Alla pace del cimitero: la recezione settecentesca di «Zum ewigen Frieden» e le fonti nascoste di un topos kantiano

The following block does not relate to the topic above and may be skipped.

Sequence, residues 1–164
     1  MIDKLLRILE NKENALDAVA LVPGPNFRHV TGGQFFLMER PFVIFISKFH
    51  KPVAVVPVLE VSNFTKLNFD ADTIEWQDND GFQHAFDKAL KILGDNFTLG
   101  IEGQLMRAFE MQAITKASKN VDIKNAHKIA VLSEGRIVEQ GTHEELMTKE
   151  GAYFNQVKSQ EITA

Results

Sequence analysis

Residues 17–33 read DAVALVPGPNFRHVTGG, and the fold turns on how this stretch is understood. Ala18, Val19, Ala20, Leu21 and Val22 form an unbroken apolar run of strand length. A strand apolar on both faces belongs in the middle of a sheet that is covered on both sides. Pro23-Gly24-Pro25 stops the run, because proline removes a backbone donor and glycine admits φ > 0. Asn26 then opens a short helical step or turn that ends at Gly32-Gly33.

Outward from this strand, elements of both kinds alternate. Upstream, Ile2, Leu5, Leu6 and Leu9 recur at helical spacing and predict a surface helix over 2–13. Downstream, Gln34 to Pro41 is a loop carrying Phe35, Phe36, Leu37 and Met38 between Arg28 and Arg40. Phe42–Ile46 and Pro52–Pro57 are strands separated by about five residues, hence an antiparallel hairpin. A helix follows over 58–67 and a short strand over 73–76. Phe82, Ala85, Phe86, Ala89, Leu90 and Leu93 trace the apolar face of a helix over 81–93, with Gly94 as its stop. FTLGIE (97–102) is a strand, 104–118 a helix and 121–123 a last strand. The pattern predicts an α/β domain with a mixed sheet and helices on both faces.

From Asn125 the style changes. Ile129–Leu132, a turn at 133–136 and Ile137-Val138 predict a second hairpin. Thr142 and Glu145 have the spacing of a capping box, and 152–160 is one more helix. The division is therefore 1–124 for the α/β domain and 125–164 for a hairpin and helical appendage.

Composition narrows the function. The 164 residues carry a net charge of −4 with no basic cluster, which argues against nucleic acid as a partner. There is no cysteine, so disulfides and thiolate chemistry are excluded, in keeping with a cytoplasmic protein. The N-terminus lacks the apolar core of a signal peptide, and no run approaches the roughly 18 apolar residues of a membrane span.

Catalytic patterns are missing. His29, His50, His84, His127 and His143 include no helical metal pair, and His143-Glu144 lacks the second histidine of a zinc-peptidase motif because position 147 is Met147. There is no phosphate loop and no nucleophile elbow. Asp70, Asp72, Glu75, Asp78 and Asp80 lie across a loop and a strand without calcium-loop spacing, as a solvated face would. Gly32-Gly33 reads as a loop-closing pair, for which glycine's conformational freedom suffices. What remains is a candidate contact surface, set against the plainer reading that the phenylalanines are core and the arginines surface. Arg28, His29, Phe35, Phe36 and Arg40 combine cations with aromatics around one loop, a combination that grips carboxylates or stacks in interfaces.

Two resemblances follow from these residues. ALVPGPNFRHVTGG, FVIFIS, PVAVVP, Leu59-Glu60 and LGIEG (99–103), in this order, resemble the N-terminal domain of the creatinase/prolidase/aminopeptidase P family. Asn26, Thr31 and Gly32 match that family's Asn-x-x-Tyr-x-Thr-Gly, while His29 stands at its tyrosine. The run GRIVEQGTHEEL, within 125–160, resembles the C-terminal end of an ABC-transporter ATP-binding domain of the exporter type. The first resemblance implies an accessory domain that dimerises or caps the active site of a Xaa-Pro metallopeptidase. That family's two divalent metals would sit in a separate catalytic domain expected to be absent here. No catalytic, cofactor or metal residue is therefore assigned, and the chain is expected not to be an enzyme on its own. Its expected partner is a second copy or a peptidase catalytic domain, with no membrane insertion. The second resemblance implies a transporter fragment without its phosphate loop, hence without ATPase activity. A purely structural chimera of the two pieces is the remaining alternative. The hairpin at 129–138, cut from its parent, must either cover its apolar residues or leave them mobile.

When it first appeared in 1795, Kant’s famous essay Zum ewigen Frieden was either taken for a fervent pacifist appeal or interpreted as a manifesto of revolu- tionary propaganda in support of republican France. From the very beginning, where the ambiguous introductory motto is prosaically exemplified by the gloomy sign on a Dutch inn (‘At the Perpetual Peace’), the essay actually seems more like a warning than an auspice. Influenced by G.W. Leibniz, for whom a “perpetual peace is only conceivable among the dead”, and in veiled disagreement with the French Jacobins, who advocated a peaceful thousand-year reign after a war to destroy all enemies, Kant in fact expresses his fear that the longed-for “perpetual peace” may be transformed into the “eternal peace” of the cemetery, and in a vast mass grave for humanity.
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